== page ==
Genome 560 Spring 2011
Statistics for Genomicists J. Felsenstein
Homework no. 3
This should be turned in by Tuesday, May 31
Use R to answer these questions. Cut-and-paste material from your R session
into a text file and email it to me. The homework should be turned in by
email, not on paper.
1. Here is a 10 x 2 contingency table, showing 100 people of different
age ranges classified as to whether or not they are sick (this is actually
not real data). We want to test whether the probability of disease
increases linearly with age.
Age Sick Not
1-10 4 96
11-20 3 97
21-30 6 94
31-40 7 93
41-50 8 92
51-60 17 83
61-70 12 88
71-80 18 82
81-90 14 86
91-100 20 80
You do not need to type this table in: it will be found in the "datasets"
folder on the course web page as "health.txt"
Suppose that we express the probability of being sick in each row as a
linear function a + b*r where r is the number of the row (1, 2, 3, ...).
(You can generate the row numbers using the "seq" command).
The probability of the data in row r can be computed using the
"dbinom" function.
1. Figure out how to use this to compute the log-likelihood for the whole
table as a function of a and b. Find the values of a and b that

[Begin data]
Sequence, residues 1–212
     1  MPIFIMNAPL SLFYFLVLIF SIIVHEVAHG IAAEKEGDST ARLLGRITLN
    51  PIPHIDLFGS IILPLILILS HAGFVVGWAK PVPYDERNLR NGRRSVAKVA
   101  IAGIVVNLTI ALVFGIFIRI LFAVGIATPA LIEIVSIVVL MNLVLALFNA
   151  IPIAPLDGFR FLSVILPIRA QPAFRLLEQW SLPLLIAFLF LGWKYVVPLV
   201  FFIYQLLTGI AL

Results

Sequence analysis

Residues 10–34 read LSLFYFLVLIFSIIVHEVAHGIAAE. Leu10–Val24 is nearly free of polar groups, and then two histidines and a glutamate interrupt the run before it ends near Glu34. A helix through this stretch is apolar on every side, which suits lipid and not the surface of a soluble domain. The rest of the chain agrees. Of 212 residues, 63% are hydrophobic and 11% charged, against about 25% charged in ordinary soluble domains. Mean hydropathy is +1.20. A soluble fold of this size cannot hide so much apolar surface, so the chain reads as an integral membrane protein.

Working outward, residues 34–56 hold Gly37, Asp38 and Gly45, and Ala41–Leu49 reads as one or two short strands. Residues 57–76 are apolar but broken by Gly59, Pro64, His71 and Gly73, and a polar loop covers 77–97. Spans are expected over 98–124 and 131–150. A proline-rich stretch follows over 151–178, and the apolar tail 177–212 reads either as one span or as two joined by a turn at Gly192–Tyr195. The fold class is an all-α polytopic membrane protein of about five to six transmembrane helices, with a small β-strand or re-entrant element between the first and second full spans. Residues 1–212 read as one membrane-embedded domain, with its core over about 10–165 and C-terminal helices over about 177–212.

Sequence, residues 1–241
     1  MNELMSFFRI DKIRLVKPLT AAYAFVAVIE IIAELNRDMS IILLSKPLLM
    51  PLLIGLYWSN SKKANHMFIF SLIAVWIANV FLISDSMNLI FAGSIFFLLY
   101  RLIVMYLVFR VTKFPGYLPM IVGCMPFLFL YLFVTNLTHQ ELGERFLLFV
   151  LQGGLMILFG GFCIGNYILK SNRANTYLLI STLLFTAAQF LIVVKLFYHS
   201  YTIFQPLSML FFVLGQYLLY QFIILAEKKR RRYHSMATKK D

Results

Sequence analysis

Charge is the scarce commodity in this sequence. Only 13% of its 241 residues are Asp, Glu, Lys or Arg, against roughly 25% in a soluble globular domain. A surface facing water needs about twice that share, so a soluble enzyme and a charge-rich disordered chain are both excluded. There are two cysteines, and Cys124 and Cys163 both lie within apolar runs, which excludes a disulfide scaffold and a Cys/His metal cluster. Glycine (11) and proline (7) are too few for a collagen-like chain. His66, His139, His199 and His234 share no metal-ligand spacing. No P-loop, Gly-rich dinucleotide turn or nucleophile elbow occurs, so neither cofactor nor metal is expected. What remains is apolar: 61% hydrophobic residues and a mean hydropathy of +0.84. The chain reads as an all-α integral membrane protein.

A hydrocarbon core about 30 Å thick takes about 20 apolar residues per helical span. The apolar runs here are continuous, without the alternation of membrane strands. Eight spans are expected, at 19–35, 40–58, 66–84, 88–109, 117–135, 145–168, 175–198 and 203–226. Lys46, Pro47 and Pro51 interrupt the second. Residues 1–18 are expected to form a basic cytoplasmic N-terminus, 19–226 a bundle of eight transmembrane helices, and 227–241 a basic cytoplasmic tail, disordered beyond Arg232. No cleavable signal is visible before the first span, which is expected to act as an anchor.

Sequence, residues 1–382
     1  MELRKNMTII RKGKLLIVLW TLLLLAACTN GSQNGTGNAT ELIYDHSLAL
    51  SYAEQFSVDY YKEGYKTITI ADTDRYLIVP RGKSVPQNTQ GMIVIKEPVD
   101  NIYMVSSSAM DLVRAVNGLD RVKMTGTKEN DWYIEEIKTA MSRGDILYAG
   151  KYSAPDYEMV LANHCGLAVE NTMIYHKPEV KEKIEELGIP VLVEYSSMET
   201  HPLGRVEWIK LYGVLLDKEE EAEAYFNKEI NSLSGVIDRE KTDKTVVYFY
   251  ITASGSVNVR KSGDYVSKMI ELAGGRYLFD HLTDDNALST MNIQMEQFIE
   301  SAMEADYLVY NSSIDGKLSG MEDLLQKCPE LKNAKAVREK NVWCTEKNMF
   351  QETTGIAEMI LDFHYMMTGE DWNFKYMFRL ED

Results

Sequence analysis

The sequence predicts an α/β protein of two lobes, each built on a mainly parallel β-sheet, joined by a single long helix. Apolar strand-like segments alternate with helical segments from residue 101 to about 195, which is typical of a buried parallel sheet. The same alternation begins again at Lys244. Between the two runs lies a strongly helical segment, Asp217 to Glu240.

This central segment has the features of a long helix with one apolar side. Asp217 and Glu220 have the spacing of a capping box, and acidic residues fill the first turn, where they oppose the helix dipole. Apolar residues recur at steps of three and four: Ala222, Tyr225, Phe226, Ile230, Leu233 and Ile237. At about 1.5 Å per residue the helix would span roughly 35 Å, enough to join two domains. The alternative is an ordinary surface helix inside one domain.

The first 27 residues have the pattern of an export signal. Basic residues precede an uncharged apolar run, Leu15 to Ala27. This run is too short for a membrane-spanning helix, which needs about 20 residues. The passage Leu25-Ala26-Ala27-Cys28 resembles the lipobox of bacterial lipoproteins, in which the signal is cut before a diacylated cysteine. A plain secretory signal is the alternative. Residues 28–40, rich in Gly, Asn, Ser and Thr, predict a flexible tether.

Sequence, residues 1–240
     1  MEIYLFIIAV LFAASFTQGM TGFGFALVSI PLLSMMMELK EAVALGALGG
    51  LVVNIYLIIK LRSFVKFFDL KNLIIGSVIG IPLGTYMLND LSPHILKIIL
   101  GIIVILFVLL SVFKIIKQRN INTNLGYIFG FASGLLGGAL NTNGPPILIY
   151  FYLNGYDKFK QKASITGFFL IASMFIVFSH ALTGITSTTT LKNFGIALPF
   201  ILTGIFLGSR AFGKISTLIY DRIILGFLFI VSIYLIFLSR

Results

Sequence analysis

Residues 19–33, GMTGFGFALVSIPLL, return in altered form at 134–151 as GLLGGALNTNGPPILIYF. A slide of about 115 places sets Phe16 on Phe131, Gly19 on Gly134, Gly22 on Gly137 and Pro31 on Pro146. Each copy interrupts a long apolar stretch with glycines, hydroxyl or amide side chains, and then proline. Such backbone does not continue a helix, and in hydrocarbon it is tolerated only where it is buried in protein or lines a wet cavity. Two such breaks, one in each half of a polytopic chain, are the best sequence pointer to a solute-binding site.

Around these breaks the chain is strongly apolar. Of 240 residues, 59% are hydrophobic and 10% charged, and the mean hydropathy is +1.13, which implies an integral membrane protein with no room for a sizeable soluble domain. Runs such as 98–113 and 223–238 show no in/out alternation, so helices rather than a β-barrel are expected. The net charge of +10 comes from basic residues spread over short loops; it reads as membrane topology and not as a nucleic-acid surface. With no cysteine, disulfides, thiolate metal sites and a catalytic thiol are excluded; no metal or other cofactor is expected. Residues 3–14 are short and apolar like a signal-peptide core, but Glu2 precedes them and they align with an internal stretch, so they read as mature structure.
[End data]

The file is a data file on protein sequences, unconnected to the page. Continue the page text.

maximize this log-likelihood (trial and error will work). (If you can
write an R function, that will make life easier).
2. Also compute the log-likelihood for the best value of a when the
slope b is held equal to zero.
3. Use these two log-likelihoods to carry out a likelihood ratio test
of the hypothesis that b = 0. How many degrees of freedom does it have?
2. In lecture I gave an example of Bayesian inference of tossing a coin 11
times and getting 5 heads, with a prior probability on heads which is
a truncated exponential distribution, where the exponential distribution
had a mean of 1. For a similar data set, with the same prior, suppose
that we toss 80 times and get 52 heads.
Use a fine grid of values of p with values from 0.001
to 0.999 (we're avoiding 0 and 1 because of overflow/underflow issues).
You can approximate integration by just summing up probabilities in
intervals in the arrays.
a. Compute the densities of the prior distribution, compute the
likelihood curve, and the posterior distribution. Please don't
send me them (too many numbers!) Instead,
I. ... get the 95% credible interval for the prior and for the
posterior. (The "credible interval" is just the name Bayesians
use for the equivalent of a confidence interval).
II. ... and also the mode (highest point) for the posterior
III. ... and the maximum likelihood estimate too.